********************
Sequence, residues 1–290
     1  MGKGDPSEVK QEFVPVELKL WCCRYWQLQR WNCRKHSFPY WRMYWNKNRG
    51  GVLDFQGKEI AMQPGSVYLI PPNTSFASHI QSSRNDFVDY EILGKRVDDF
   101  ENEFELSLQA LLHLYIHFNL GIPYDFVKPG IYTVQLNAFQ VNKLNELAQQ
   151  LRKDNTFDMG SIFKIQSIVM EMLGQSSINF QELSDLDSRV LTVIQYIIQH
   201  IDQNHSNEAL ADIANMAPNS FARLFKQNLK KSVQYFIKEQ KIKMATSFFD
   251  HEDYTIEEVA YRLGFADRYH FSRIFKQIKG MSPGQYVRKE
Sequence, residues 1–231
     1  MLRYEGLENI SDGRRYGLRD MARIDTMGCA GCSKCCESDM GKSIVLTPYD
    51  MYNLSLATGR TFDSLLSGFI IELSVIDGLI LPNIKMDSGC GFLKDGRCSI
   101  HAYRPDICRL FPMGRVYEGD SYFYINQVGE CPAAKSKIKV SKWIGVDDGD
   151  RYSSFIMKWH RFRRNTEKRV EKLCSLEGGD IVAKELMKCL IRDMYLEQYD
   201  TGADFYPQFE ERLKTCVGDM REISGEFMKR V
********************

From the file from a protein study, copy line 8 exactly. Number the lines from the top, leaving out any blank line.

Sequence, residues 1–231